With less than two weeks to go before Election Day, Nevadans have already been voting early in record numbers.
Part of that is the state’s new law that sends mail-in ballots to every active, registered voter.
That doesn’t always work for many Native American voters in the state. A new nonprofit called the Nevada Native Vote Project has been working to change that.
The husband and wife team of Brian and Teresa Melendez are coordinators with the project.
Brian Melendez said one of the main missions of the project is to improve infrastructure for voting in tribal communities.
He said many Native Americans are involved in their own tribal governments but there is often no connection between the tribal governments and state and local leaders, which run elections.
"If every individual tribe has a way to go from their tribal communities and the ways in which they do things to working with county clerks office to get the vote out all the way to the end of election that's great," he said, "But from what we know, there is not a standardized process in place."
He said on the state level there is not a system work with Nevada's tribes.
Besides an overall system of cooperation, the physical ballot boxes are often not close to many tribal communities and rural areas in general.
Ethan Doig is the strategy coordinator for the project. He said some Native people have to drive two to three hours to cast a ballot.
The Nevada Native Vote Project has been pushing the Secretary of State and county clerk offices to make those ballot boxes more accessible for everyone.
Teresa Melendez said some county clerks, like those in Humboldt County, have been very accomodating and worked with tribal leaders to set up a dropoff box for ballots in McDermmit, which is closer to the reservation than Winnemucca.
However, Elko County, for instance, has told them it is not possible to place a ballot dropoff box closer to the Owyhee Reservation.
Brian Melendez said some officials are not cooperative for a simple reason.
"I absolutely think that's a long running course of historical racism, institutional racism, that has happened in the state," he said, "They may not actually have a law or regulation or policy stating why they can't do it. They just don't like Indians."
He said his group is trying to work like a bridge between tribal leaders and local officials to try bring down some of the barriers to voting.
"In some of this stuff we're finding, it really is a person behind the desk that can make a difference for hundreds if not thousands of people," he said.
Doig noted hundreds of eligible voters live on the Owyhee Reservation and that could make a difference for a local election.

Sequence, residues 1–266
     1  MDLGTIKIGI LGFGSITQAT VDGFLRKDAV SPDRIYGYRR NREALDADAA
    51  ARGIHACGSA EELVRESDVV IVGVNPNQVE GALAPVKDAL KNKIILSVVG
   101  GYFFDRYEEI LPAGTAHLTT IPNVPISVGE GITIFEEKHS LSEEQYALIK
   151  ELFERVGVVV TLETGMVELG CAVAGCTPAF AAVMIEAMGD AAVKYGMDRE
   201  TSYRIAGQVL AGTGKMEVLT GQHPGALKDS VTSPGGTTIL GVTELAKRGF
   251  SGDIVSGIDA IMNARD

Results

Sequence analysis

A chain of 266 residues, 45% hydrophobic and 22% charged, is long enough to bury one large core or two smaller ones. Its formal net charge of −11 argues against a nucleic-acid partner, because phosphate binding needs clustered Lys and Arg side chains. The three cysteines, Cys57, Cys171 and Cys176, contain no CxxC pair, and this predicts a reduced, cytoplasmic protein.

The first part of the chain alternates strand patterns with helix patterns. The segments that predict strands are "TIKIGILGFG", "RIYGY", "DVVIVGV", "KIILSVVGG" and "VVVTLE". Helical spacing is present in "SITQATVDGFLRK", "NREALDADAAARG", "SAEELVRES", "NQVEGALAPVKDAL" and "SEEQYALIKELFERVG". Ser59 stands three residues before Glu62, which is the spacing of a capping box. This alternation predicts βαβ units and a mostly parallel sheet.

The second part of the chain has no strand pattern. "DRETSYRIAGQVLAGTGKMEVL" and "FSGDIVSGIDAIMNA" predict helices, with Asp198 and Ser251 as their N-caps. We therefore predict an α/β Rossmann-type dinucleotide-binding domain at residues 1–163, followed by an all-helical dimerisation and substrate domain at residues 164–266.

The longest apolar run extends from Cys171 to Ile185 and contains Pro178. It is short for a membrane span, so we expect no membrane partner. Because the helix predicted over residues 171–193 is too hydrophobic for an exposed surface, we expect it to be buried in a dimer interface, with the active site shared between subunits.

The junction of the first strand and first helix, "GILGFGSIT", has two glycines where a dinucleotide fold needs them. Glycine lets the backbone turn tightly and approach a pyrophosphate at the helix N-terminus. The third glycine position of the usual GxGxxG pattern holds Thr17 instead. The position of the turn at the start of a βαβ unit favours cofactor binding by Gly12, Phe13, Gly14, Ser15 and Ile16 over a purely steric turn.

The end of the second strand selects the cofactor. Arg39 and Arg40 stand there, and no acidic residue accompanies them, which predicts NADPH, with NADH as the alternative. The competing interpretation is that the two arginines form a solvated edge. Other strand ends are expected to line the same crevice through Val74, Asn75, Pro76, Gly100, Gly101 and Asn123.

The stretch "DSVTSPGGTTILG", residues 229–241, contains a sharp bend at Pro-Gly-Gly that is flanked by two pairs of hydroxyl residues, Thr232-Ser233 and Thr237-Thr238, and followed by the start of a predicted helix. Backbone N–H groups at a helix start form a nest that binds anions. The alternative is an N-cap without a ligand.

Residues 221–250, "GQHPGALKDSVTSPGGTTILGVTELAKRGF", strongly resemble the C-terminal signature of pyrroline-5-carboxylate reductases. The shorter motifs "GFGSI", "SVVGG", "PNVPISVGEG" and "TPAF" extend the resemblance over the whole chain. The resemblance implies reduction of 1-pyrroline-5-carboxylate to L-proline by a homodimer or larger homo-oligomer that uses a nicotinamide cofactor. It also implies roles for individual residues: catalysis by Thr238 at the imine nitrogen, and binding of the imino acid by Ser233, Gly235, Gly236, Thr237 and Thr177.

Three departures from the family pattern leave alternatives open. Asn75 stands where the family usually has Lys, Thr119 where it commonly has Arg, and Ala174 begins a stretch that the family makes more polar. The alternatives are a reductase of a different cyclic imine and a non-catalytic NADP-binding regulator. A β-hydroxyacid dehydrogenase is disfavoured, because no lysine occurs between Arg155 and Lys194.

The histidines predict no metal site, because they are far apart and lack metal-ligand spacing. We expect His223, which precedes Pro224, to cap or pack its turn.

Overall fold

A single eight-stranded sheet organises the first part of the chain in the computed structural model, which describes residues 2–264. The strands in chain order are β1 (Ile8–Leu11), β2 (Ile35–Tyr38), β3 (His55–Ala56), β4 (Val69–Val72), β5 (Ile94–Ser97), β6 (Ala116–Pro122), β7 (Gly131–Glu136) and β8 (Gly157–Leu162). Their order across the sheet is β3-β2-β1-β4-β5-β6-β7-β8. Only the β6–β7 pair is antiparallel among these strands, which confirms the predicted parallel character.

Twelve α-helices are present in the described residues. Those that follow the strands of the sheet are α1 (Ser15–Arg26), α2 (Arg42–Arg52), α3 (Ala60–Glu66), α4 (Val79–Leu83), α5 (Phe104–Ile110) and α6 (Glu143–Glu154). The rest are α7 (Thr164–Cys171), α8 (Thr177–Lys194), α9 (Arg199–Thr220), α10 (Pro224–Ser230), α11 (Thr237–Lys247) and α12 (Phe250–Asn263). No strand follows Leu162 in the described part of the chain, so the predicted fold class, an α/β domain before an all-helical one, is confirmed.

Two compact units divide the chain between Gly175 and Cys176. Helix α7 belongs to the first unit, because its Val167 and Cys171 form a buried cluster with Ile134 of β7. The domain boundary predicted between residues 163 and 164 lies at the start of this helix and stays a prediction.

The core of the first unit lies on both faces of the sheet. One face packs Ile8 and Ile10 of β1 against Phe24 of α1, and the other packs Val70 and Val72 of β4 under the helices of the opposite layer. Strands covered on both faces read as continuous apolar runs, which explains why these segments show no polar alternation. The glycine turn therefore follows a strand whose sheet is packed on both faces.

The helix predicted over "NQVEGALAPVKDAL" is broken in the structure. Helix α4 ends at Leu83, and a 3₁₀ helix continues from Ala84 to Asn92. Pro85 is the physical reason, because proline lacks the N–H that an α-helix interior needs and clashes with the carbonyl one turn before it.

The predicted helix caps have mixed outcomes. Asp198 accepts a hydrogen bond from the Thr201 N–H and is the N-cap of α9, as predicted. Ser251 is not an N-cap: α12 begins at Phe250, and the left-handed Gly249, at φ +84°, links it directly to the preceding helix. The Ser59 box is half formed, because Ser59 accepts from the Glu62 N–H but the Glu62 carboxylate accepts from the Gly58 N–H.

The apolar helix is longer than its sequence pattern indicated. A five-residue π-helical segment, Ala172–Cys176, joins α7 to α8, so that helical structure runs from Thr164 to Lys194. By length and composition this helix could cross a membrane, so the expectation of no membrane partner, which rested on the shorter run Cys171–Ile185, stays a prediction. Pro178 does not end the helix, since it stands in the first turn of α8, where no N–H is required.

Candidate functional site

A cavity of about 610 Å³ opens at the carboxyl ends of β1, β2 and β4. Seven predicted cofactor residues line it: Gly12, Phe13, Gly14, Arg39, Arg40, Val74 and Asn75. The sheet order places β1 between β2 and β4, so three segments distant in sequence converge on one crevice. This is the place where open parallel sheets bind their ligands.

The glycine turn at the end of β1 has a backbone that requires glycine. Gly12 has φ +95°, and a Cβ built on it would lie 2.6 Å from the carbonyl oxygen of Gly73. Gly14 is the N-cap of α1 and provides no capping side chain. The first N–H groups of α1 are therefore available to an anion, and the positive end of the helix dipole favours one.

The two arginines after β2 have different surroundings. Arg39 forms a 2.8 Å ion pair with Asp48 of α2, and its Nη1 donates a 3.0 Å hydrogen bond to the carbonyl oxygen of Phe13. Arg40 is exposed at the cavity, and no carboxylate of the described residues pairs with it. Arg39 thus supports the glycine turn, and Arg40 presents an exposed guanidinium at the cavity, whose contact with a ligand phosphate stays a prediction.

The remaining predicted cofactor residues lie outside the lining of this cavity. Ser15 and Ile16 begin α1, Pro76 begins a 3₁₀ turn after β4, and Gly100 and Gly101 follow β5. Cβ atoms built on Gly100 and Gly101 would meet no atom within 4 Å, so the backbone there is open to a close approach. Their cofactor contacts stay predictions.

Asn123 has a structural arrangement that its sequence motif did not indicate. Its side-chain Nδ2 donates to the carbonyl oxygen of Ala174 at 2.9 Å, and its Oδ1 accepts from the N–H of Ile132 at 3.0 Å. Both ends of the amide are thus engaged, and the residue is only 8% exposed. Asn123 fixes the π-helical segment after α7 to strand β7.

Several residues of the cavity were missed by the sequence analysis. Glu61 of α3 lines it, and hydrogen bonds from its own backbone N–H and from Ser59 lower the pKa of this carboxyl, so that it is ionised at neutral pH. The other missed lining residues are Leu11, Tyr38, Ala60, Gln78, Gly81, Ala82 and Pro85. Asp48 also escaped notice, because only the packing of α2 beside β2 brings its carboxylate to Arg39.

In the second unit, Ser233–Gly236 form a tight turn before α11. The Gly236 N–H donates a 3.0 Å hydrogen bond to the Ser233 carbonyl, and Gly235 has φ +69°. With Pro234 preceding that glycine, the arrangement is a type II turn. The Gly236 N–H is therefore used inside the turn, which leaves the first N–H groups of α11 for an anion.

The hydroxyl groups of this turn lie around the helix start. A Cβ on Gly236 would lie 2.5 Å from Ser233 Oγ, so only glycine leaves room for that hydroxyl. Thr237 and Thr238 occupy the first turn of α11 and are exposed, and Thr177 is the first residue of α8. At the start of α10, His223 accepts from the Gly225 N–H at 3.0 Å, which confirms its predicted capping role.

"If you've ever worked in local elections before, that's enough to swing any election," he said,
Overall, there are 27 unique tribes and colonies in the state, Doig said, "but only about a third of those tribes and colonies have adequate access to voting infrastructure."
He said the state and federal governments are responsible for improving that access but they're not doing it.
In addition to not have adequate access to voting, Doig said campaigns don't do enough outreach to tribal communities.
"The onus of responsibility to engage with candidates, educate their voters and support the electoral process is put on tribal governments and the individual voters themselves," he said, "We do not see enough from national to state-level candidates engaging the tribal voting bloc."
Besides improving infrastructure, Teresa Melendez said the project is working on improving the visibility of Native voters.
"I know in the past that candidates and elected officials haven't recognized the voting power of Native people here in the state," she said, "In addition to building infrastructure and communicating with tribal governments and Secretary of State and county clerks offices, we're also working to create visibility for Native voters in the state."
She said many Native voters know how their grandparents or even parents were blocked from voting, which is why it is important for them to cast a ballot.
"It can be inspiring for folks," she said, "It's just another reminder that this wasn't a system that was designed for our communities, or we were intentionally kept from participation. There is a lot of community building and healing that needs to happen with indigenous people and our state and federal government. Those conversations bled into the area of voter election, voter protection, voter registration."
From CapRadio: Native Americans Struggle To Be Heard As Early Voting Begins
Brian Melendez, Coordinator, Nevada Native Vote Project; Teresa Melendez, Coordinator, Nevada Native Vote Project; Ethan Doig, Strategy Coordinator, Nevada Native Vote Project
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